It must be PNAC op-ed week.  If you didn’t have enough fun with Kagan/Daalder, Tod Lindberg has arrived to repeat (in The Weekly Standard, of course)the standard “centrist” charge: the evil antiwar liberals are wrongfully attacking the “serious” people in the Democratic foreign policy establishment and the DLC more generally.  “Serious” people such as, oh, maybe Michael O’Hanlon and Kenneth Pollack, whom Lindberg naturally defends against attacks from the blog left.  Of course, disdain for the DLC is also held up as an example of some sort of perfidy, when it is probably the main proof that even the Kossacks can get some things right in spite of themselves.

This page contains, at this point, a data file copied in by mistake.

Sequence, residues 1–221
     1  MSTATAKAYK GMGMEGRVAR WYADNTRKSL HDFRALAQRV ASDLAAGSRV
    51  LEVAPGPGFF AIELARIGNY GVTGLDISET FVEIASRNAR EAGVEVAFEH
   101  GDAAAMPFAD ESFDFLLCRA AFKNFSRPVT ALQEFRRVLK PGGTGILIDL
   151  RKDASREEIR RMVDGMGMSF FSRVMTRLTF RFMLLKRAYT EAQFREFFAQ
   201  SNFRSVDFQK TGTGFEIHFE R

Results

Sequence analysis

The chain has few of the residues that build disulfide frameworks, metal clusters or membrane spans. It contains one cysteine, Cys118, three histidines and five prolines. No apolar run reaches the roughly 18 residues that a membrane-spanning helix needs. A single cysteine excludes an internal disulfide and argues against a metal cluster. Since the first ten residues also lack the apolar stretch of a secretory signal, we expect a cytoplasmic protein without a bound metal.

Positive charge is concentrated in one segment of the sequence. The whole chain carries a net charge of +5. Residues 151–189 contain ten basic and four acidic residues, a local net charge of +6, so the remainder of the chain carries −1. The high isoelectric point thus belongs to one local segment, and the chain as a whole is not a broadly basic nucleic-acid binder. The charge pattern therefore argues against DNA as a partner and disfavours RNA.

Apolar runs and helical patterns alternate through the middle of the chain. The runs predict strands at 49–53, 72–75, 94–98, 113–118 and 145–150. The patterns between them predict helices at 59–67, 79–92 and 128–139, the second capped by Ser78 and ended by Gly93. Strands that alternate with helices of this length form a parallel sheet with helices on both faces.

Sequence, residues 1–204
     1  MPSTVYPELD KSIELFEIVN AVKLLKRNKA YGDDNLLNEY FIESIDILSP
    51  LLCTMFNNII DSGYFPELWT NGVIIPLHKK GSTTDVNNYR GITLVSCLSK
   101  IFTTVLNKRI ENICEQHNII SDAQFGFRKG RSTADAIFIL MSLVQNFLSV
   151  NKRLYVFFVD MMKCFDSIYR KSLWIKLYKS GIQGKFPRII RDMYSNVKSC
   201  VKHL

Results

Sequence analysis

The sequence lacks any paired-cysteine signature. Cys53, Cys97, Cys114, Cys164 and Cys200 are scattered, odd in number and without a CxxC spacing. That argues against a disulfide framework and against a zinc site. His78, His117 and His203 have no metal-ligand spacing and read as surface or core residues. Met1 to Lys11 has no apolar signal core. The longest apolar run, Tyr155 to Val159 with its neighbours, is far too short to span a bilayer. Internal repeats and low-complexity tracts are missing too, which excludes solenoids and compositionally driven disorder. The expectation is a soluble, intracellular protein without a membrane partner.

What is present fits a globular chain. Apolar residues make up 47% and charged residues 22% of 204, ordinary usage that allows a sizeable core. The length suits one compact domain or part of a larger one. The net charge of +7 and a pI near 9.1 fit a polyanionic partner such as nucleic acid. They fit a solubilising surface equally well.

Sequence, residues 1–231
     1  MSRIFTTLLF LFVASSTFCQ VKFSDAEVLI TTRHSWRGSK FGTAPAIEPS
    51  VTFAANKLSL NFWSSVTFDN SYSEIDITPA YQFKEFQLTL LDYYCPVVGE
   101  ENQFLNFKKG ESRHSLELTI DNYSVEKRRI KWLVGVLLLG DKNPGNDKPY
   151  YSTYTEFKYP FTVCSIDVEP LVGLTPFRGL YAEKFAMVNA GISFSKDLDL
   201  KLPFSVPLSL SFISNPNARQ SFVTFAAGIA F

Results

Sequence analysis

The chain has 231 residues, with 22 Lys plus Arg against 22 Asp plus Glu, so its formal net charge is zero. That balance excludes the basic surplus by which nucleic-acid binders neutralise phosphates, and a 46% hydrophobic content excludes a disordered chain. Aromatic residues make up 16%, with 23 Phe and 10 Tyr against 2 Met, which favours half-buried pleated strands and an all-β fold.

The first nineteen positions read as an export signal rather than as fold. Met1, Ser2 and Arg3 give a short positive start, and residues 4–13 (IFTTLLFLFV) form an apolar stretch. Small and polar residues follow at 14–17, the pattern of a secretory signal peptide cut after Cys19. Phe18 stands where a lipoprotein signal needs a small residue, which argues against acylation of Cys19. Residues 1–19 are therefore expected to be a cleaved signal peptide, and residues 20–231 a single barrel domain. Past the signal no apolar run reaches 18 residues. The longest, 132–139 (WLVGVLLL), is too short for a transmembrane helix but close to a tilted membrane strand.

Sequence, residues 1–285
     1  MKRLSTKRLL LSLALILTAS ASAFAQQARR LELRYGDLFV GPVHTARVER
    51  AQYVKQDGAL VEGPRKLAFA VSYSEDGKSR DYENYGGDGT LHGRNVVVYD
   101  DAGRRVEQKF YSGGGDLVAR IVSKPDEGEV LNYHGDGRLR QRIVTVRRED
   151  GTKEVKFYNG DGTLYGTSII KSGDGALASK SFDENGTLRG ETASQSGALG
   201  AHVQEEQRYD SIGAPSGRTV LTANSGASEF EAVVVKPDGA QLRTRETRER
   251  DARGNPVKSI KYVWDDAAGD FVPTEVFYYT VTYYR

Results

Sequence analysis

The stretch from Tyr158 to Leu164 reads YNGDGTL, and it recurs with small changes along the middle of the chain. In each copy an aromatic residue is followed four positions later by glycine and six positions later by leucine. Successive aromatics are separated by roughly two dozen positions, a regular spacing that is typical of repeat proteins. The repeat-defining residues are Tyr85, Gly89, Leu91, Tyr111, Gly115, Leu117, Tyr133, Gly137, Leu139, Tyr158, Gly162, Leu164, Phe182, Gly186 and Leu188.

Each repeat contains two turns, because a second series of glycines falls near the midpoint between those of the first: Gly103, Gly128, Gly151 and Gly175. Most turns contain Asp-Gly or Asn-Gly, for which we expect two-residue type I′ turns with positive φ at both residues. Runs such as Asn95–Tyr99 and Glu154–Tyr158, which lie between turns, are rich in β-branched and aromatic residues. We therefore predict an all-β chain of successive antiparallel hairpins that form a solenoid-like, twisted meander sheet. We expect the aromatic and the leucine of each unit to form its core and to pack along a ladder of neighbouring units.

Lindberg is right about one thing: the DLC isn’t going away, or at least it isn’t going quietly.  They represent a dying ideology that is already unsuited to the times, but they retain enough institutional clout to live on despite this for many years.  The DLC continues to have an outsized influence on Democratic foreign policy thinking, if such a word can used in this context, and its think tank, the Progressive Policy Institute, counts as its members several of the Democratic presidential candidates, naturally including Clinton.  If none of the candidates showed up at the latest DLC event, it is not because the candidates have abandoned liberal interventionism, nor have they all repudiated some of the lessons that the DLC taught to the party about appealing to middle-class and “moderate” voters.  On the contrary, the major candidates seem more wedded to the horrid interventionist idea than ever, and the main three candidates have been practically falling over themselves to remind people that they, too, believe in God.  Where the party and the DLC now disagree strongly is over Iraq, and, at least as far as foreign policy goes, they really disagree only over Iraq.  Once the war there is over (as it will be, eventually, one day), the Kossacks and the like may be horrified to discover that New Democrats, or those who have learned to follow in their footsteps, continue to dictate the terms of the debate on foreign policy for the foreseeable future.  This is because, despite all of the whining about “purges” in the Democratic Party, there have not actually been any effective purges of the foreign policy intellectuals who signed on for the Iraq war or who embrace activist foreign policy more generally.   While the Kossacks wield more influence today than in past cycles, they will not be filling out the ranks of a future Democratic administration.  The wonks tied to this foreign policy establishment will be the ones shaping and implementing policy.  In fact, in the future the Kossacks, ever a party-oriented group interested mainly in having Democrats win elections, will almost certainly endorse the bad policies of a “centrist” Democratic President, even if these policies are nothing more than a refined or slightly modified version of what is being done today.  This is a shame, since hardly anyone deserves the blog left’s attacks more than these “centrists.”